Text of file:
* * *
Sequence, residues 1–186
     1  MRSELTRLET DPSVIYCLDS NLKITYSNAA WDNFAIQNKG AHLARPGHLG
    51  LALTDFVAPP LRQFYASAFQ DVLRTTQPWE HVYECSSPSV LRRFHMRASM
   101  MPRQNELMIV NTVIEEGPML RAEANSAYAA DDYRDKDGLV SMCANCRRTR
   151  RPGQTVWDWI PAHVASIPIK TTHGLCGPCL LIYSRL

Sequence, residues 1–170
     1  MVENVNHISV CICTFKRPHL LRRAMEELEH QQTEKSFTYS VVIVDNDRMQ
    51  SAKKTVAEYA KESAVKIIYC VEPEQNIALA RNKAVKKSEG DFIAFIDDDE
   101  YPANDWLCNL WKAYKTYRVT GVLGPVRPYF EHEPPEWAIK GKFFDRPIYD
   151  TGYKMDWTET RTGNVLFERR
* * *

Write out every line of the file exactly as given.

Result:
Sequence, residues 1–186
     1  MRSELTRLET DPSVIYCLDS NLKITYSNAA WDNFAIQNKG AHLARPGHLG
    51  LALTDFVAPP LRQFYASAFQ DVLRTTQPWE HVYECSSPSV LRRFHMRASM
   101  MPRQNELMIV NTVIEEGPML RAEANSAYAA DDYRDKDGLV SMCANCRRTR
   151  RPGQTVWDWI PAHVASIPIK TTHGLCGPCL LIYSRL

Sequence, residues 1–170
     1  MVENVNHISV CICTFKRPHL LRRAMEELEH QQTEKSFTYS VVIVDNDRMQ
    51  SAKKTVAEYA KESAVKIIYC VEPEQNIALA RNKAVKKSEG DFIAFIDDDE
   101  YPANDWLCNL WKAYKTYRVT GVLGPVRPYF EHEPPEWAIK GKFFDRPIYD
   151  TGYKMDWTET RTGNVLFERR